My favorite lines in Jessica Strawser’s novel “Not That I Could Tell” are: “For once, I just want there to be a story with a happily-ever-after that does not involve ending up with a love interest. Do you think that’s possible?”
Her character, Izzy, a radio show producer struggling with her lack-of-love life, posed this question to her friend and neighbor Clara.
“Absolutely,” responds Clara, a stay-at-home mom of two.
Strawser’s novel, which is what you’d want from a rom-com if it were actually based on real life, is proof of it.
By all means, Strawser’s novel passes the Bechdel test, starring a legion of women — mothers, daughters, sisters, friends and neighbors who genuinely seem to care about each other, and talk to each other about things other than men.
In the span the 336-pages of “Not That I Could Tell,” most of these whispered conversations revolve around women, or rather, one woman in particular: Kristin Kirkland, the mother of two four-year-old twins. The three of them and a million-dollar life insurance payout mysteriously went missing, becoming day-after-day front page coverage in Yellow Springs, Ohio (whose most famous resident includes comedian Dave Chappelle).
The main suspect is a man, Kristin’s estranged soon-to-be ex-husband Dr. Paul Kirkland, an obstetrician-gynecologist who moved back into Kristin’s house after her and her kids’ disappearance. But he’s just a obscure supporting character in Jessica Strawser’s drama.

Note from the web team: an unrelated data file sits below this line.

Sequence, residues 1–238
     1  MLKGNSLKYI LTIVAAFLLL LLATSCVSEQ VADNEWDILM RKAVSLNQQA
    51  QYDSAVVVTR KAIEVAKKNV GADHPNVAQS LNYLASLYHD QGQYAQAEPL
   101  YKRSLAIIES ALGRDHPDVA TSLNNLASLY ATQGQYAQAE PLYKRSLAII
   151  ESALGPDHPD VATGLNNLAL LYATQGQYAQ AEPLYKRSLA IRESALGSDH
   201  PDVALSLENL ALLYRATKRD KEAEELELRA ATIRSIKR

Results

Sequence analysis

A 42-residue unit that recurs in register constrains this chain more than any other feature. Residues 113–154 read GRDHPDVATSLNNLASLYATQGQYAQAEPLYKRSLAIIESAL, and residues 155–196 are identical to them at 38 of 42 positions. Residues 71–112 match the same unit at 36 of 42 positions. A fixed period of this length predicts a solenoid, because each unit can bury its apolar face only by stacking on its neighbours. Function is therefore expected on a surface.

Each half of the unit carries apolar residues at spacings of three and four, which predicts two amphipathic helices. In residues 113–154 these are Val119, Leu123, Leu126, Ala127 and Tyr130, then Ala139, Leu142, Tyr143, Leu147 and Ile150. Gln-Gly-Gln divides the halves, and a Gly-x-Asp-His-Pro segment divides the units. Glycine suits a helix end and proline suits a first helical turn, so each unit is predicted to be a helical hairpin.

The leads are all strong and likable female characters from: Izzy and Clara to their neighbors, Natalie; Natalie’s precocious 12-year-old daughter Hallie; and lesbians Randi and Rhonda.
Through Strawser’s words, you come to care for this army of women who don’t blame Kristin for kidnapping her kids or for leaving (if that’s what really happened). They just hope that Kristin and Aaron and Abigail aren’t hurt or dead.*
Their friendships are the reason you should be reading “Not That I Could Tell.” And these women are how happily-ever-afters without love interests are possible.
Now if only we could see more female-dominated narratives like this in films, movies or television shows….
* Since we don’t know if Kristin is dead or injured, “Not That I Could Tell” also passes the Women in Refrigerator test on a technicality.
Disclaimer: I received a free eARC of “Not That I Could Tell” by Jessica Strawser from NetGalley in exchange for this honest review.